Fees and Charges
Local governments use fees and charges as an alternative to
property taxation for generating revenue.
Typically, fees and charges are used for recovering the cost of
or for using municipal property. For example, user fees are usually charged
for sewer, water, and garbage collection. Charges are often required when
applying for a building permit or a business license. In addition, fees and
charges are common when using public transit, using recreation facilities and
renting local government property.
Fees and charges can be a one-time amount or they can be varied
according to different factors. For instance, a bus pass could be
purchased that is good for one month, or a rider could choose to pay the
fare each time they ride the bus. In addition, different amounts
can be owing depending on the distance travelled.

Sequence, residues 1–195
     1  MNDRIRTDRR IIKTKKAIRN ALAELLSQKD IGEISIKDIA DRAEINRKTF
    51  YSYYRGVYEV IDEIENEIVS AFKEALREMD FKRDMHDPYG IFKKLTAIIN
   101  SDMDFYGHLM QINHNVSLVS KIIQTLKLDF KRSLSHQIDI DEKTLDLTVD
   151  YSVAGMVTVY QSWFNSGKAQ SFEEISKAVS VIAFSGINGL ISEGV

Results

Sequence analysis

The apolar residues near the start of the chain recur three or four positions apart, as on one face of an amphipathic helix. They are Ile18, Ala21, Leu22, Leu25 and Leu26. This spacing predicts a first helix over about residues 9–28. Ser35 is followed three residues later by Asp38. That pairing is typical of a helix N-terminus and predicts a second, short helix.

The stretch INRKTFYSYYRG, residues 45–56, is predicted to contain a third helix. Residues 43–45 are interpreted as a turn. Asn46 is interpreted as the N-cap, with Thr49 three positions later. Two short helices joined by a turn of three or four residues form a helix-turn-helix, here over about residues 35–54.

The amount of a fee or charge is chosen to provide enough money to
recover costs and ensure the service will
continue in the future. Fees are generally applied on a user-pay
basis so that those who benefit from the service, bear the cost of it. For instance, a
property owner may be charged directly for the cost of fire
personnel responding to a false alarm so that this cost does not have
to be shared by all property owners. Local governments must make
available to the public, on request, a report showing how a fee was
In some special cases, fees and charges are restricted by
legislation. One such charge is interest. The rate and method of
interest calculation for money owing to a local government is
typically set by the province through legislation or regulation. Such
provincially set interest calculations include interest on refunds of
and interest rate on taxes
in arrears or delinquent taxes. A local government can only establish the method for
calculating interest if the province has not done so.
Fees for the deposit or removal of soil are also legislatively
restricted. To apply these fees, council must create a bylaw which
does not become valid until it has received approval
by the minister.
Most fees imposed by a local government that are
unpaid form a lien on the land and its improvements and they can be
collected as taxes and taxes in arrear.